“I went around the state in 2012 to be yelled at by folks in the school systems” for proposing cuts to well-heeled suburbs like Derian and New Canaan, the governor said. “We laid out a broad new mission in education that was decidedly concentrated on producing far better results in urban systems than we had in the past.”
Malloy said that the investment paid off. Over the last six years, districts like New Haven showed a 16.1-point improvement in graduation rates.
But with cuts now landing on alliance districts and magnet schools, what should be done to keep moving the rates upward?
Carol Birks, New Haven’s new superintendent, pointed out how the extra funding was necessary to keeping schools like Wilbur Cross ahead. She said that Cross Principal Edith Johnson had used extra money to open a college and career center, pay for instructional coaches and focus on children’s trauma through the Alive! Program.
“Additional resources helped to move the school forward,” Birks said.
Malloy agreed. Cutting back would be a “gigantic mistake,” he said. “In fact, it would be reckless.” He added, “Whoever is governor next go-round needs to realize we’re not done. The graduation rate is going to go up even further, provided that the state remains as a partner.”
Ready To Graduate?
This wasn’t the first year that Malloy showed up at a New Haven high school to talk about graduation rates. Last spring, he visited the city’s other comprehensive high school, James Hillhouse, to tout their 29-point gains over five years — despite the criticism that had accompanied Garth Harries’s decision to break the school into four academies (a plan that has since been shelved).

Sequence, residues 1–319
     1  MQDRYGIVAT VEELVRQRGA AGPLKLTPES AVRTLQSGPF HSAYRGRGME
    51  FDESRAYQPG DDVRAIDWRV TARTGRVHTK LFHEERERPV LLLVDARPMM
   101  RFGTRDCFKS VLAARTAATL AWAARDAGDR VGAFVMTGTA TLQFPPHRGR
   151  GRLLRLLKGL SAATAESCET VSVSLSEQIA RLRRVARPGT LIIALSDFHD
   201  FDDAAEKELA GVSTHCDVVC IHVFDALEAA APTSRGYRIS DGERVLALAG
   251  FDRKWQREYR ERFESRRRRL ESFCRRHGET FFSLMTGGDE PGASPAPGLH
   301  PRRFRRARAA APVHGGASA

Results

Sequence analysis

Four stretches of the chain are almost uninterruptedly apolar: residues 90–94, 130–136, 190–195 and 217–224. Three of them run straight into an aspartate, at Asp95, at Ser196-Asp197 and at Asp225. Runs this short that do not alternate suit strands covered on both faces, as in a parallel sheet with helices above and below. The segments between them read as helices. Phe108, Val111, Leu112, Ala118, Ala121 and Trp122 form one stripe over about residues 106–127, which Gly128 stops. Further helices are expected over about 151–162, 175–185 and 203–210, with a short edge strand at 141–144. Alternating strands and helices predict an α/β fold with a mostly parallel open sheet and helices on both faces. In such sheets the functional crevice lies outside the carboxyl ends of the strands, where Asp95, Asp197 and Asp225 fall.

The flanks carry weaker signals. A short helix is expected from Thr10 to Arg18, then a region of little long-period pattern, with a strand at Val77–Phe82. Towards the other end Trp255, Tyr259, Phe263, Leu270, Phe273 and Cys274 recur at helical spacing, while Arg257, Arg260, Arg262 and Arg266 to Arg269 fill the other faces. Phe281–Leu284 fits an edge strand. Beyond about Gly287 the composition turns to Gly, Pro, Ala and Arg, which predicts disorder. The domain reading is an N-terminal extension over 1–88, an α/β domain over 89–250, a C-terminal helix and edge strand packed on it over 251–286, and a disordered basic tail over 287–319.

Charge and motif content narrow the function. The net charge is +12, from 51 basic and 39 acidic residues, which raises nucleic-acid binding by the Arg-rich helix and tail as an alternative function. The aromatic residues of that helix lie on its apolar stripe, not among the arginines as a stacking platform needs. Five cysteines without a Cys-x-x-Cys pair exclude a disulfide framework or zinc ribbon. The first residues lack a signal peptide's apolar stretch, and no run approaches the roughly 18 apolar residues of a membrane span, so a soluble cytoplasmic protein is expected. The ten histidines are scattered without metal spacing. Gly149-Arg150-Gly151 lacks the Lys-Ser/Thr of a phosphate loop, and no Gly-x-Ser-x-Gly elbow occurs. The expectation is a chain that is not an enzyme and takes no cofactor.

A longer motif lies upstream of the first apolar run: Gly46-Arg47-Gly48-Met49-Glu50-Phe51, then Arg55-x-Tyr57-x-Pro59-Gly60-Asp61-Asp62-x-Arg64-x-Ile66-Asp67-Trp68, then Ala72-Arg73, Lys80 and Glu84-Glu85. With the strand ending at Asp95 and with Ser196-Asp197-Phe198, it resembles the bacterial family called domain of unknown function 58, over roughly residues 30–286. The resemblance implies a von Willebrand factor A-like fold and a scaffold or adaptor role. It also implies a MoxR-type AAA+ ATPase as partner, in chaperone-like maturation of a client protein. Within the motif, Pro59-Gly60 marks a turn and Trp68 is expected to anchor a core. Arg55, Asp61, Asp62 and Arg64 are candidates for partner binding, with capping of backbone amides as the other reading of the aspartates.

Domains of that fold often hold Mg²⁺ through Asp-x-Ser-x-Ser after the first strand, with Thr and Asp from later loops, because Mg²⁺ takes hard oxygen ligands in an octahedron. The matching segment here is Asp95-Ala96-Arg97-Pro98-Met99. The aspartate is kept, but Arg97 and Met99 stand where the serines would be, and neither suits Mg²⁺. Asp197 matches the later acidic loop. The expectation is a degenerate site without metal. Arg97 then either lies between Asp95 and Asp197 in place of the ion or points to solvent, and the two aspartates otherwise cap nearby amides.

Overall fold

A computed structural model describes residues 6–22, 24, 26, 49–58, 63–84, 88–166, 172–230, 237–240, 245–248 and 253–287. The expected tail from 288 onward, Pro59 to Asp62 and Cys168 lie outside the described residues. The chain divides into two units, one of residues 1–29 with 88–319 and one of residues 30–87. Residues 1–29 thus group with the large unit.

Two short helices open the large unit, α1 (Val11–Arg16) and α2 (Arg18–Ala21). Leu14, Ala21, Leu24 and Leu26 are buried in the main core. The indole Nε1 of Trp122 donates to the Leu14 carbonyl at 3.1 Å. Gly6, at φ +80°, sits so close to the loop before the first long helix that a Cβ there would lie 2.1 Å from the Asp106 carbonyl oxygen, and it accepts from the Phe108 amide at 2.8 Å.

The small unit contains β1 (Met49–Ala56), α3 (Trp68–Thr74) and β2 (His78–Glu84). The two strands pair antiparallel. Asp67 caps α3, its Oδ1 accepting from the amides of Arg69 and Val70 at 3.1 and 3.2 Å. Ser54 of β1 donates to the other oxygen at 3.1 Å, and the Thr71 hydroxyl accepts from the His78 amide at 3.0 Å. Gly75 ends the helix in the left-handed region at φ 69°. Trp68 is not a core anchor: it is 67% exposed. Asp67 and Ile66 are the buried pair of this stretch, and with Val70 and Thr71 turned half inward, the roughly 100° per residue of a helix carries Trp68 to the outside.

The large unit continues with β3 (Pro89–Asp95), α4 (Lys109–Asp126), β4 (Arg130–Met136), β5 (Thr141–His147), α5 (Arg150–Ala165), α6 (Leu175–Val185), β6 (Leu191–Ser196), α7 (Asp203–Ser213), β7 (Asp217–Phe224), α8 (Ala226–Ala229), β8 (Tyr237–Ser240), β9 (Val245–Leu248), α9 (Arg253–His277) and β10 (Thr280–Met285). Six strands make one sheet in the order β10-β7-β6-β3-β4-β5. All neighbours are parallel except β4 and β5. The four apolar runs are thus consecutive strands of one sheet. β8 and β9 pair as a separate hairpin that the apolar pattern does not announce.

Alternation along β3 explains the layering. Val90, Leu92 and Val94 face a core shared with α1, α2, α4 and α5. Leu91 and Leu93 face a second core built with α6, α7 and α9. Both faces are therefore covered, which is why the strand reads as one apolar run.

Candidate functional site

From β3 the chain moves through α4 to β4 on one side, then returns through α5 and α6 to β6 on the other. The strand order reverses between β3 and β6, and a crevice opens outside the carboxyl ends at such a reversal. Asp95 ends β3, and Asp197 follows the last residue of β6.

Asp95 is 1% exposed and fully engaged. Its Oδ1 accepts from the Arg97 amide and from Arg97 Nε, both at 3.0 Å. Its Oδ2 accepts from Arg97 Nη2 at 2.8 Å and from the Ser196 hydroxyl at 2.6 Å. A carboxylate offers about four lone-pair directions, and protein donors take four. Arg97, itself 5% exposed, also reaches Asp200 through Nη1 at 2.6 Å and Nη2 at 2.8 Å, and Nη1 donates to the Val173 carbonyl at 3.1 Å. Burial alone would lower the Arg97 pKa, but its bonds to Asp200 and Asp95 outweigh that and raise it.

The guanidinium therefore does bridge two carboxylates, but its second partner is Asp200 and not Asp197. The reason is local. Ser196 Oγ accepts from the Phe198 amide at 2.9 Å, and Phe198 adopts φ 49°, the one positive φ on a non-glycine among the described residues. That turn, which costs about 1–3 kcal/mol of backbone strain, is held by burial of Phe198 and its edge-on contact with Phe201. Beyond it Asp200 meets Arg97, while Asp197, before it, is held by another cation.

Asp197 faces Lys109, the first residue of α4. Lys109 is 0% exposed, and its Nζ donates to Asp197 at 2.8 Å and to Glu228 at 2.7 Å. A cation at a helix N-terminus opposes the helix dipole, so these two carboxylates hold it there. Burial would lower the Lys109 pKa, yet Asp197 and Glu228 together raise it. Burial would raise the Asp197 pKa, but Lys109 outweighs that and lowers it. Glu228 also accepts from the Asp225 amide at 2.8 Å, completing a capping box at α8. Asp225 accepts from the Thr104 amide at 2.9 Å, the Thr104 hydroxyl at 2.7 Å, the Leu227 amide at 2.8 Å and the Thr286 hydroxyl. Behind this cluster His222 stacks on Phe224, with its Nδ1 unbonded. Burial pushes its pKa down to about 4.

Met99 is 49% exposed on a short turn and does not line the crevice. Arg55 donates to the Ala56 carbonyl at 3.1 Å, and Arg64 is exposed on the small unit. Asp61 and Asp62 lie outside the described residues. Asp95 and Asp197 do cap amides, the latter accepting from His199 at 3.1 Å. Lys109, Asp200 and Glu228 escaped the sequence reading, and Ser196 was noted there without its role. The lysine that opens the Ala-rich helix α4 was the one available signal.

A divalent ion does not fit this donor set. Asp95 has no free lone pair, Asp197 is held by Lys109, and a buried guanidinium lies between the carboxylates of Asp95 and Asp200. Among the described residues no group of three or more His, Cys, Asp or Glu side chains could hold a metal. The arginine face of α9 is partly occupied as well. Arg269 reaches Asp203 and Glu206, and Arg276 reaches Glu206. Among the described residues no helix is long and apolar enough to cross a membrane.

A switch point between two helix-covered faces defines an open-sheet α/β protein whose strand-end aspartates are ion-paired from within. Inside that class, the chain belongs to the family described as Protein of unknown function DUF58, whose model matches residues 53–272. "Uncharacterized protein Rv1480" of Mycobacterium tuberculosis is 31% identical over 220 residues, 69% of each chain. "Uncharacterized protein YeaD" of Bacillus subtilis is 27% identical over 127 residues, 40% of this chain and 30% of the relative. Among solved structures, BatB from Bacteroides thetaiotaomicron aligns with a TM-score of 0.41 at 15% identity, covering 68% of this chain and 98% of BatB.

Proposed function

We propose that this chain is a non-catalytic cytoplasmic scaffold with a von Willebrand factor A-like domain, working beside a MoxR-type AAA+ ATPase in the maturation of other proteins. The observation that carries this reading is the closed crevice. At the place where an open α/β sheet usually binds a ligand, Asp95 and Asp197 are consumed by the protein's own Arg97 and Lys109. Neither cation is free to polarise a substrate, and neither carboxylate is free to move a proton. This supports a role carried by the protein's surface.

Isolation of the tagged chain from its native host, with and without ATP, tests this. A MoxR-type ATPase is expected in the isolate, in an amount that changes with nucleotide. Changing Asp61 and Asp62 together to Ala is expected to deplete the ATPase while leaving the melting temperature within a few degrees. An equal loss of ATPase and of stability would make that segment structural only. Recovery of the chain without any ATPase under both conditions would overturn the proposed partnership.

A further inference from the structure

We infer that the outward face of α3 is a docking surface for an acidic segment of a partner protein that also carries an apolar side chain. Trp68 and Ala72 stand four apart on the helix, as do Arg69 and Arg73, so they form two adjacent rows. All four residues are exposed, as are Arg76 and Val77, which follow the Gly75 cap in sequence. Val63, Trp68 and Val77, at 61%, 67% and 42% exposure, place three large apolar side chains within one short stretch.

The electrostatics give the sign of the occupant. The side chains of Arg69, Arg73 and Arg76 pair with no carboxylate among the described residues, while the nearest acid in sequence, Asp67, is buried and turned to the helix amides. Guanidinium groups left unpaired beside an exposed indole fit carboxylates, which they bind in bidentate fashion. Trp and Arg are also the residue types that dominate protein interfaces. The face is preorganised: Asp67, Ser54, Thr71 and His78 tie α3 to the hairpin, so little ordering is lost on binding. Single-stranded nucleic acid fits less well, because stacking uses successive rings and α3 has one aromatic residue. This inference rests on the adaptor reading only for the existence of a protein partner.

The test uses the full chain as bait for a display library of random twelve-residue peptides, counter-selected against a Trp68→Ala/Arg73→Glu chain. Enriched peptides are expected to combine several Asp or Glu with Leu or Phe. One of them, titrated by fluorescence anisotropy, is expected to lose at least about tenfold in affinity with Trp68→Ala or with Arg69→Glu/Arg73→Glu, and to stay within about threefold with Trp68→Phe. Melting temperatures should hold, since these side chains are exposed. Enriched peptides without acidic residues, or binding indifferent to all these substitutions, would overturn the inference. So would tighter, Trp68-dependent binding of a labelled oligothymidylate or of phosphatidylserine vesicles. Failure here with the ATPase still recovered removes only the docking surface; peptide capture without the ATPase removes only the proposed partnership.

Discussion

Last school year, under new leadership, Hillhouse fell way behind, showing an 8.0 percent drop in its graduation rate. (Two other New Haven schools saw declines, too: Cortland V.R. Creed fell by 5.4 percent; Sound School, by 4.6 percent.)
The swings raise questions about whether graduation rates are a good measure for educational achievement. Did Hillhouse’s former students do more to earn a diploma than the last batch of seniors? Or did former administrators require less work to pass classes?
Looking at test scores, Hillhouse scored a one-point gain in both math and reading in 2015-16, during the same time its graduation rate increased. But next year’s test results won’t be out until February 2019 to see whether test scores also nosedived along with the reported graduation rates.
Principal Glen Worthy, who took over the job in 2016, said “a lot of variables” go into how many students make it through four years. Part of the problem is simply tracking students that transfer out of the district, particularly those who leave the state. “If we don’t know where these kids are, they’re a dropout,” which will cause a hit to the graduation rate, he explained.
“What do I have to offer them to ensure that they stay on track, whether it’s an internship or a certification in the trades? I just have to give our kids more options,” he said, citing new union apprenticeships as a model that has reduced absences and classroom incidents. “We have to give more options. We’re a comprehensive high school; we’ve got to be more comprehensive.”
Moving ahead, for any students in middle school and below, the state’s public schools will have to adjust to even stricter requirements to get a diploma.
That’s because in 2010, hoping to qualify for federal “Race to the Top” funds, the legislature mandated a minimum of 25 credits, up from 20 in years past. Those criteria are being phased in slowly, after a task force recommended giving schools more time to adjust.
Current seventh-graders will be the first class to earn their diplomas with the more stringent requirements, starting in 2023.